The theoretical curves of precipitation of particles at various values of aggregation coefficient K show that an increase of K increases the velocity of precipitation. Likewise, the presence of the tube wall enhances precipitation of particles. The Magnus force and the force connected to acceleration of particles in a relatively liquid phase do not have a significant effect on the precipitation of particles. From our experimental and theoretical data, we can conclude that the behavior of the curve of velocity of erythrocytes depends on the timing of observations (interval of time is 5 min). Time-course measurements of erythrocyte precipitation more accurately reflect the state of the human body than the known determination of velocity of erythrocytes.

Determination of the ESR should be conducted at certain intervals of time, i.e. in a series of periods not exceeding 5 minutes each. Differential diagnosis of various pathological conditions when ESR is applied can be conducted using the aforementioned timed method of determining ESR. Different pathological states, when this method is used, would have different initial blood viscosity parameters. We have shown that an increase in blood viscosity during trauma results from an increase in rouleaux formation. We have shown that the time-course method of ESR will be relevant in patients with trauma, in particular, with traumatic shock and crush syndrome. Therefore the number of rouleaux is dependent on the initial quantity of erythrocytes and is increasing sharply with the decreasing yield velocity [47] which may result from increased peripheral resistance and low cardiac output from traumatic shock or crush syndrome.

Declarations

Authors’ Affiliations

(1)
Department of Epidemiology, Graduate School of Public Health, University of Pittsburgh
(2)
Center for Cancer and Immunology Research, Children's Research Institute
(3)
Institute for Biomedical Sciences/Program in Molecular and Cellular Oncology
(4)
Institute of Mechanics and Seismic Stability of Structures, Academy of Science of Uzbekistan

References

  1. Saadeh C: The erythrocyte sedimentation rate: old and new clinical applications. South Med J 1998, 91(3):220–225.View ArticleGoogle Scholar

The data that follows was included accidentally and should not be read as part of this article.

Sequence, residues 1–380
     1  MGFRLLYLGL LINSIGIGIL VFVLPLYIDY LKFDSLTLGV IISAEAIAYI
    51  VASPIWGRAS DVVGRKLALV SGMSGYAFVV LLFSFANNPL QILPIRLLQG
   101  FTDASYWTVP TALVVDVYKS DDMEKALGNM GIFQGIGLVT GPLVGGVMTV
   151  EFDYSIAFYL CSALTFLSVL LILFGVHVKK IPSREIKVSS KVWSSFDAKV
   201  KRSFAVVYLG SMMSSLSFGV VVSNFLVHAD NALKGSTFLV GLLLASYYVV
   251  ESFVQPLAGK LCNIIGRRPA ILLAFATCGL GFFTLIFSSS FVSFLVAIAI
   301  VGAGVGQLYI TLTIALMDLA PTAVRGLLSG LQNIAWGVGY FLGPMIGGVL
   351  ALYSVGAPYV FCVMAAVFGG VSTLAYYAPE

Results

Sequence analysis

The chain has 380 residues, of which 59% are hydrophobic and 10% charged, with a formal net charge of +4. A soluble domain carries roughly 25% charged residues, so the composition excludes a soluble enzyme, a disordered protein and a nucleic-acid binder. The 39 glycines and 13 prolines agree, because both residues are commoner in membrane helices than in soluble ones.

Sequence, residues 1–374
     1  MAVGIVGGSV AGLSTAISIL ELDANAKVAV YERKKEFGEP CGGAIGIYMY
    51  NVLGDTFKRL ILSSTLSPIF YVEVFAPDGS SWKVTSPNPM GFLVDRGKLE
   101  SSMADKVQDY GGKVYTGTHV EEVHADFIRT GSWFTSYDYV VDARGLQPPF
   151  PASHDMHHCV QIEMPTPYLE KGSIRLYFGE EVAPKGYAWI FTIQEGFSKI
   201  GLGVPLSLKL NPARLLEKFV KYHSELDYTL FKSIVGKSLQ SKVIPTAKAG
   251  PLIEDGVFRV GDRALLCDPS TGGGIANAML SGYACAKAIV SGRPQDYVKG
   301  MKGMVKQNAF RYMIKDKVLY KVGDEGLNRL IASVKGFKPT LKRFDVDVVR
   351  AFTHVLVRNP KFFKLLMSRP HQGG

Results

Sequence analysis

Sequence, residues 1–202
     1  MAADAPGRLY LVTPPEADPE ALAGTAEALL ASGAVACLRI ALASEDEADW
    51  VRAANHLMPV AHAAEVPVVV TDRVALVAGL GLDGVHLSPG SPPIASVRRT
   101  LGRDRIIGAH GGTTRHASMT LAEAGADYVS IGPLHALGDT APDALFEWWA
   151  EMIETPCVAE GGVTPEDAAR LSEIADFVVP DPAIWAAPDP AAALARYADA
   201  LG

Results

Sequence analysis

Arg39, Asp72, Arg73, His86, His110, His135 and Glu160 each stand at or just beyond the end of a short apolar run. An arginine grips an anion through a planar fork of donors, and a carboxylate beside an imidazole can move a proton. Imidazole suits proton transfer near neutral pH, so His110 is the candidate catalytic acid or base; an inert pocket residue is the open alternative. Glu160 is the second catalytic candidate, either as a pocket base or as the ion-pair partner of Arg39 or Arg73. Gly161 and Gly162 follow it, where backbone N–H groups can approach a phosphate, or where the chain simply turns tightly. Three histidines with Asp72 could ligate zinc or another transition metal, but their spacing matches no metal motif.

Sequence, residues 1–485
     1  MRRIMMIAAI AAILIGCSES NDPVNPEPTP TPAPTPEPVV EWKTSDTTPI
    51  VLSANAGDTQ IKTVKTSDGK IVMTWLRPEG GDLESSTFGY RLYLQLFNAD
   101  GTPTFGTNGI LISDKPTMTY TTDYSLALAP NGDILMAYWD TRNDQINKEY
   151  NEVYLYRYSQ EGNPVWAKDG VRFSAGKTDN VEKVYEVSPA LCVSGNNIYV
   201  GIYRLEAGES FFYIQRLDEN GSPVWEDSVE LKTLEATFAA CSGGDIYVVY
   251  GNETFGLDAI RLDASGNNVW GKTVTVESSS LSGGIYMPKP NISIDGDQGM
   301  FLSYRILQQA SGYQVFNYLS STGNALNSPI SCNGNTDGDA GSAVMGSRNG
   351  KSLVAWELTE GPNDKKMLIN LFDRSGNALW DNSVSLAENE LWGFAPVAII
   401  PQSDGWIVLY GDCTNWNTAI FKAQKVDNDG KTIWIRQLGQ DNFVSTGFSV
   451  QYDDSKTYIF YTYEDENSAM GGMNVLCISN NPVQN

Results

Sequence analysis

2. Johansson JE, Sigurdsson T, Holmberg L, Bergstrom R: Erythrocyte sedimentation rate as a tumor marker in human prostatic cancer. An analysis of prognostic factors in 300 population-based consecutive cases. Cancer 1992, 70(6):1556–1563.View ArticleGoogle Scholar
  3. Gillum RF, Mussolino ME, Makuc DM: Erythrocyte sedimentation rate and coronary heart disease: the NHANES I Epidemiologic Follow-up Study. J Clin Epidemiol 1995, 48(3):353–361. 10.1016/0895-4356(94)00156-KView ArticleGoogle Scholar
  4. Chamorro A, Vila N, Ascaso C, Saiz A, Montalvo J, Alonso P, Tolosa E: Early prediction of stroke severity. Role of the erythrocyte sedimentation rate. Stroke 1995, 26(4):573–576.View ArticleGoogle Scholar
  5. Sox HC Jr, Liang MH: The erythrocyte sedimentation rate. Guidelines for rational use. Ann Intern Med 1986, 104(4):515–523.View ArticleGoogle Scholar
  6. van den Hoogen HM, Koes BW, van Eijk JT, Bouter LM: On the accuracy of history, physical examination, and erythrocyte sedimentation rate in diagnosing low back pain in general practice. A criteria-based review of the literature. Spine 1995, 20(3):318–327.View ArticleGoogle Scholar
  7. Del Beccaro MA, Mendelman PM, Inglis AF, Richardson MA, Duncan NO, Shugerman RP: Acute-phase reactants and acute bacterial otitis media. Am J Dis Child 1992, 146(9):1037–1039.Google Scholar
  8. Ballas SK: The sickle cell painful crisis in adults: phases and objective signs. Hemoglobin 1995, 19(6):323–333.View ArticleGoogle Scholar
  9. Akinola NO, Stevens SM, Franklin IM, Nash GB, Stuart J: Rheological changes in the prodromal and established phases of sickle cell vaso-occlusive crisis. Br J Haematol 1992, 81(4):598–602.View ArticleGoogle Scholar
  10. Lawrence C, Fabry ME: Erythrocyte sedimentation rate during steady state and painful crisis in sickle cell anemia. Am J Med 1986, 81(5):801–8. 10.1016/0002-9343(86)90349-9View ArticleGoogle Scholar
  11. Losev ES: A physical model of gravitational erythrocyte sedimentation. Biofizika 1992, 37(6):1057–1062.Google Scholar
  12. Normatov TD, Khusanov IN: Determination of constraint coefficients and viscosity of mixture in dependence on volume fraction of particles. Nauka 2001, 5: 35–38.Google Scholar
  13. Happel J, Brenner H: Low Reynolds Number Hydrodynamics with Special Applications to Particulate Media. Dordrecht: Martinus Nijholl Publishers; 1986.Google Scholar
  14. Nigmatullin RI: Basic mechanics of multiphase medium. Moscow: Nauka; 1978.Google Scholar
  15. Faizulaev DF, Shakirov AA, Abidov S, Khusanov IN: Investigation of precipitation of particles by photoelectrical method. Registration of concentrations. Problems of mechanics 1974, 130–133.Google Scholar
  16. Pedley TJ: The fluid mechanics of large blood vessels. Cambridge: Cambridge University Press; 1980.View ArticleGoogle Scholar
  17. Regurer SA: Lectures for biological mechanics. Moscow: MGU; 1980.Google Scholar
  18. Pavlovski UN, Regurer SA, Skobeleva JM: Hydrodynamics of blood. Moscow: VINITI; 1970.Google Scholar